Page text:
4. Definition of Assistive Technology • Assistive Technology (AT) means any item, piece of equipment, or product system, whether acquired commercially off the shelf, modified, or customized, that is used to increase, maintain, or improve functional capabilities of an individual with a disability - ‘The Tech Act” (Technology-Related Assistance for individuals with Disabilities Act of 1988)

    5. Examples of Assistive Technology in Agricultural Workplace • Person lifts • Added steps • Hand controls • Modified tools • Ramps

    6. Definition of Secondary Injury • Secondary injury can be defined as injury caused by limitations associated with disabling conditions and/or resulting from the use of modified practices or AT to compensate for disabling conditions.

    7. Examples of Secondary Injury • Burns • Fractures • Pressure sores • Amputation • Loss of hearing

    8. Background • Farming is one of the most hazardous occupations among American industries • Working alone • Diverse hazards (fire, chemicals etc.) • Age of worker (young/old) • Repetitive motion • Unpredictable environment • Diverse terrain • Lack of workplace safety regulations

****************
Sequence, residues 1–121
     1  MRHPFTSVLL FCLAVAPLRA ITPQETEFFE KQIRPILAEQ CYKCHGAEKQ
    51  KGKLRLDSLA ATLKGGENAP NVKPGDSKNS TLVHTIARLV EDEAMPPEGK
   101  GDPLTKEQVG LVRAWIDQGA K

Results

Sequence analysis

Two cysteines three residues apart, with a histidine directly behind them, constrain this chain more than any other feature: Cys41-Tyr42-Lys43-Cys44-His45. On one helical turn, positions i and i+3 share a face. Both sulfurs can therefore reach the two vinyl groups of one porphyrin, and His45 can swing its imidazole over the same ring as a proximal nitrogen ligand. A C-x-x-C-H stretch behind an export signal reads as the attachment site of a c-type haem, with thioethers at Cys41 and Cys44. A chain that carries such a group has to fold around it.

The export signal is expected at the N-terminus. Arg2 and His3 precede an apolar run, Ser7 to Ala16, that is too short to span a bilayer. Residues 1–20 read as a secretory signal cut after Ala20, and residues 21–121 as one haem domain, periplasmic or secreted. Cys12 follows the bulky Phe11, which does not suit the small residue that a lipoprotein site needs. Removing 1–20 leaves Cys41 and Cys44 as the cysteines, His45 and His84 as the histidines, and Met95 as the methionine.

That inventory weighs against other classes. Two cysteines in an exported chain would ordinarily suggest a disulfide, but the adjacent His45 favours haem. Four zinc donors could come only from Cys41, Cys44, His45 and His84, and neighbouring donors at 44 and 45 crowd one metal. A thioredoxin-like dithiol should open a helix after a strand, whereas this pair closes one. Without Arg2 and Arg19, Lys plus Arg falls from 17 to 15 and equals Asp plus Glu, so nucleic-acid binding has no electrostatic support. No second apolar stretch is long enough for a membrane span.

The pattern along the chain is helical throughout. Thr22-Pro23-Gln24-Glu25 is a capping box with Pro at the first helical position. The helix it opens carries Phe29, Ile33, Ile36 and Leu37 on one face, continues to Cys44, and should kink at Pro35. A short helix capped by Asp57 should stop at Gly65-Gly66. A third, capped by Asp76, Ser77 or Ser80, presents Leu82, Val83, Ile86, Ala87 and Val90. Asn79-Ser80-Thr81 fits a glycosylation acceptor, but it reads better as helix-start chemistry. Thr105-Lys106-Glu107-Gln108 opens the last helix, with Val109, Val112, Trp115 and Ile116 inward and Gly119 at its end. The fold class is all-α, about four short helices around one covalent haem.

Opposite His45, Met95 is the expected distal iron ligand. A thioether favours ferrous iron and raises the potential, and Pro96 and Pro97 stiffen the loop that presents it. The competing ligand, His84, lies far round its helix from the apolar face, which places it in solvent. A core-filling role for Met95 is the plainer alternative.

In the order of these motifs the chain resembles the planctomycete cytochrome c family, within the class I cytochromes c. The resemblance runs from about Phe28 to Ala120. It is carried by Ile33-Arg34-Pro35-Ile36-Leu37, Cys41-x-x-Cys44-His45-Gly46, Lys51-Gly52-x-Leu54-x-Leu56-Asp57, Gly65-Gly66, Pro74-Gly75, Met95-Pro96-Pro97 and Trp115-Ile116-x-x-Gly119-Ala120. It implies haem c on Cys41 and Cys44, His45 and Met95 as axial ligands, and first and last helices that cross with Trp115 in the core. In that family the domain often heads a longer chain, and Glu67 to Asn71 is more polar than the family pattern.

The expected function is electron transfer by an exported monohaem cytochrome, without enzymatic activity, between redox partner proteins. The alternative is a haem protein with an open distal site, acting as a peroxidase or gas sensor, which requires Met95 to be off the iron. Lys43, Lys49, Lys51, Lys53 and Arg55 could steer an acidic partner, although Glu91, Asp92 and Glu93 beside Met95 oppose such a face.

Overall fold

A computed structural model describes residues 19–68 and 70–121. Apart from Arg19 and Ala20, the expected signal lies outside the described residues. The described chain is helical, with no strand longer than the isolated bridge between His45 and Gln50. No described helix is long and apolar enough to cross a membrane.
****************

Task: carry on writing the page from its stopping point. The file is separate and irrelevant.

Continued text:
9. Background • Estimated number of farmers, ranchers and other agricultural workers with disabilities appears to range from 1.14 million to 2.23 million individuals (Deboy et al., 2008)

    10. The Need • Physical and mental disabling conditions can increase the potential of injuries for farmers who continue to perform tasks • Studies indicate that > 72% of farmers with disabilities fabricate their own AT to continue to perform tasks • Both commercial and home-fabricated AT can cause injuries (Allen et al., 1995; Willkomm, 2004)